Thursday, May 5, 2011

Independent Work Habits

For me independent work is a skill within itself that we work on daily. At the moment our chore system has taken inspiration from THIS blog post. Each day after breakfast and again at about 4:30 my kids and I get six laminated cards with a job written and illustrated on each one. The kids and I work through the chores and I expect my children to work relatively independently as I move around helping each one. Even Tool Man knows how to do his chores (things like dust the bookshelves etc.) and because they have been taught explicitly the how's of doing them and they KNOW I will check up on them (one of my chores is to check everyone's work!) they usually get on with it. That is not to say we don't have to re-do. Princess Doc had to vacuum the dining area four times today before I was happy to let it go and I have had to have serious conversations with my sons about what IS and IS NOT appropriate to suck up with the vacuum cleaner (water out of the bathroom sink being NOT - betcha didn't know vacuum cleaners can shoot flame!). What has this got to do with doing math independently? Everything. If the only time they have to work independently is when they are doing academic work they will resist it with every fibre of their being - and kids can get very creative about resisting academic work that they don't want to do! If they have learned and daily practise the skill of working independently this will be reflected in the way they work. I teach independent working habits by being close and available without being involved. Sometimes this means I have to re-focus children multiple times which can be frustrating, but if I focus on teaching WORK HABITS before teaching content it works better in the long run.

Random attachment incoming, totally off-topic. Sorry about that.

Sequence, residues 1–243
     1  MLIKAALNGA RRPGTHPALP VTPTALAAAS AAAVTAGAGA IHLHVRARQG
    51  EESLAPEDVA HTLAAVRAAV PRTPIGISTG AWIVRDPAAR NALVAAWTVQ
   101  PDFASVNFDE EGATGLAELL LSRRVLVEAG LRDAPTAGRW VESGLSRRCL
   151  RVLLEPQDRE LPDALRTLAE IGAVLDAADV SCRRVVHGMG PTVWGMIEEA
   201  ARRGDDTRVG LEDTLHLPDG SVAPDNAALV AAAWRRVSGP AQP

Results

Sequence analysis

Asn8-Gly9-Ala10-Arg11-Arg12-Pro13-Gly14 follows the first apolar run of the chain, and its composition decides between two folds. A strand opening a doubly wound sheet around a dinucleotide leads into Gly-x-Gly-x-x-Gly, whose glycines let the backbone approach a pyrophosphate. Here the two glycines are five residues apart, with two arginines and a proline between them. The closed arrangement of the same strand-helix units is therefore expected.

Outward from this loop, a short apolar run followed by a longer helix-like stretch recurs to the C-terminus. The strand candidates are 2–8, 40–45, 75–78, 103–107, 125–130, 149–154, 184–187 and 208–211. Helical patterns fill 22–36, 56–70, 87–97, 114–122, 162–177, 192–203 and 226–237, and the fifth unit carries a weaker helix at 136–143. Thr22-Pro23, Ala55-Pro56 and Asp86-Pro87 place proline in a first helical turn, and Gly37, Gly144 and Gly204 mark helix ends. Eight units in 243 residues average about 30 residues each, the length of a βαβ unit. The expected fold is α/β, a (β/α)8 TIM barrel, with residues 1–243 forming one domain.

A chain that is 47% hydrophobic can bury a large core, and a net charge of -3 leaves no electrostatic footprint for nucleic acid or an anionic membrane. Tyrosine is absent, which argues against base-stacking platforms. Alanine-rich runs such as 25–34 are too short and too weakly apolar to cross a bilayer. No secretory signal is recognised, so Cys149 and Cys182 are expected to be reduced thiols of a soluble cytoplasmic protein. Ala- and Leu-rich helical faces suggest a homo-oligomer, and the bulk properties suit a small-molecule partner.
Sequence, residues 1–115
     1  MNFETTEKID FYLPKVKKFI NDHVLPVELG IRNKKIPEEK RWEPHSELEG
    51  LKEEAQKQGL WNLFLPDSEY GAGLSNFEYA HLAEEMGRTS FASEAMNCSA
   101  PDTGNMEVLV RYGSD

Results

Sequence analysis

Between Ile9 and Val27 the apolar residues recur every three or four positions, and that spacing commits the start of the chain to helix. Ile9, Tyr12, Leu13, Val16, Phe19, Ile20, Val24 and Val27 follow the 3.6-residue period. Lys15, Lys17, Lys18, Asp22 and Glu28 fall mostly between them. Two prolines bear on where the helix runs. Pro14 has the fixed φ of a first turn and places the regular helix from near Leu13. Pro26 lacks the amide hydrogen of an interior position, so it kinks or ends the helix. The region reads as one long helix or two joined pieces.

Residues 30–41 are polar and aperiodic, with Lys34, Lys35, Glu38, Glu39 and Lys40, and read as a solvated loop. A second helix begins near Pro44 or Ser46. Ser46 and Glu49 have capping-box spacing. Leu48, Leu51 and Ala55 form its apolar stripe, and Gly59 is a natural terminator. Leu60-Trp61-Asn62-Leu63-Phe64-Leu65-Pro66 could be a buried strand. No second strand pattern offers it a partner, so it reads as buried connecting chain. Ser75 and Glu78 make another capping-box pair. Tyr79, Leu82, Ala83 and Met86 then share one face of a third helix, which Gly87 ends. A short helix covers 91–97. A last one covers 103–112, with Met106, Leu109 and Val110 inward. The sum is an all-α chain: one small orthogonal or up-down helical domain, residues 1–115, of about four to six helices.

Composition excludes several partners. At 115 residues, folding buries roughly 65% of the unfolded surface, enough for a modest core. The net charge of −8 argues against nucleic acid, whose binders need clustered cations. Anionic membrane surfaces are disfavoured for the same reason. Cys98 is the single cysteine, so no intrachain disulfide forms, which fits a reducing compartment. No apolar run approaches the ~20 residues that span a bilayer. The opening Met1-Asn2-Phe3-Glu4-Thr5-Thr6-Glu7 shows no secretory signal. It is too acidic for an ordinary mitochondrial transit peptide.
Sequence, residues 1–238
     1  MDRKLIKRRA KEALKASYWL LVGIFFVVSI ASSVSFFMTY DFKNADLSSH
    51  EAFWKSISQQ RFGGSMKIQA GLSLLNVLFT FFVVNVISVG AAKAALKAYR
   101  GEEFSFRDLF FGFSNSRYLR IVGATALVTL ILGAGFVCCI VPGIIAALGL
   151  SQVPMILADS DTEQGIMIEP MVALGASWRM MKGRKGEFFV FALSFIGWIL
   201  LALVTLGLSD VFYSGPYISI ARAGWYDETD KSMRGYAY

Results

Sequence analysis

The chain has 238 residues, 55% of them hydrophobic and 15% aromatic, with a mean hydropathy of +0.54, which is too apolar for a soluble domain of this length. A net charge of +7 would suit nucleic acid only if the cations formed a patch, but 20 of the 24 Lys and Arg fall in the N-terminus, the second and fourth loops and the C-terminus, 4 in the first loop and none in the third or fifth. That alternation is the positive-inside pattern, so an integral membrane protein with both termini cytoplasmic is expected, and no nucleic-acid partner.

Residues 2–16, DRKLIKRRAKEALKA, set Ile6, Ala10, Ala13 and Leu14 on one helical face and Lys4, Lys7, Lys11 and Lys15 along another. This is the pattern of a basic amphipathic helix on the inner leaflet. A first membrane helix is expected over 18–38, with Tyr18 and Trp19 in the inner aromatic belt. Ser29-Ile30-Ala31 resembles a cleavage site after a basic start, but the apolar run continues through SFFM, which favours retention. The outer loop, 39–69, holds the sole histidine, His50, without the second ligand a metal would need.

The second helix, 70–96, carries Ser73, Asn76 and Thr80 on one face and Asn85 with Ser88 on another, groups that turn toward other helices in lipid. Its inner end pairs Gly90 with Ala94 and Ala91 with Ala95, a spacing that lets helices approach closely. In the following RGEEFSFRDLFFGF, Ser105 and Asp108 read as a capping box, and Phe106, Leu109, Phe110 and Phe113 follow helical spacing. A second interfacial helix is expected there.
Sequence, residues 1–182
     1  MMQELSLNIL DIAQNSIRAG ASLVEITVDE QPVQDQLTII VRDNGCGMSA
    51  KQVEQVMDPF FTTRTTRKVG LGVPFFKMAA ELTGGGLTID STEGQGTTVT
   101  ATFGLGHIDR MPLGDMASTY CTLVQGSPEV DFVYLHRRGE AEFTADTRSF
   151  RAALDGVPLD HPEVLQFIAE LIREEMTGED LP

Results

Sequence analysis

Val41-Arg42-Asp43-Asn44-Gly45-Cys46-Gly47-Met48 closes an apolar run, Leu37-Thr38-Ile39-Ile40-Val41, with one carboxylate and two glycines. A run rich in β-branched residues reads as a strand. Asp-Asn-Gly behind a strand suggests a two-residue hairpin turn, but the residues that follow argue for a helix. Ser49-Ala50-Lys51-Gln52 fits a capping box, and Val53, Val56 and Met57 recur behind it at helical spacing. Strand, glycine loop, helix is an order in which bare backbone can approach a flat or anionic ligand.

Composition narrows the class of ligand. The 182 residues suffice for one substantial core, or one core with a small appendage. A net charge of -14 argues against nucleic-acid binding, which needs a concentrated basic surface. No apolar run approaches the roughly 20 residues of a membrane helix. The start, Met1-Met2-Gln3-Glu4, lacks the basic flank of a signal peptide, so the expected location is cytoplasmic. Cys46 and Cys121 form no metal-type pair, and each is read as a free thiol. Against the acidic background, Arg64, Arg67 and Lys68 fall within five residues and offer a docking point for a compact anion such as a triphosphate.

Things that have helped me streamline our day, foster independent work and cut out busy work for me include:

Link group work to meals and non-negotiable daily events.
Our Bible work happens at the breakfast table and immediately before bed. We are working through Sword Fighting by Karyn Henley (brilliant by the way) in the mornings which gives us time to read from the Bible, discussion questions and scripture memorisation. Plus we sing 1 hymn - I choose a new hymn each week so the kids can learn it thoroughly. In the evenings we sing together as a family, have some discussion time with Daddy, pray and then when the kids are tucked into bed with the lights off I sit in the hall way and read aloud our Day-by-day Bible Story readings which is working us through the Bible chronologically. Our history and science reading happens over lunch. Our poetry reading happens over afternoon tea once a week. This really helps with the rhythm of our day.

I don't create paper clutter. If my kids can discuss the story with me, describe what they know, ask insightful questions etc. it is pointless to create a picture or work sheet just to show that they know something that they and I already know that they know! It wastes both our time. Children get bored with and resist busy work and frankly, I don't blame them. I have a couple of work books that my kids started but got ahead of. Rather than pushing through just to "finish the book" I added them to our colouring/activity book collection. They now pull them out to doodle in or the younger ones use them (sometimes surprising me with what they learn!). Paper work is there to serve our needs, not the other way around.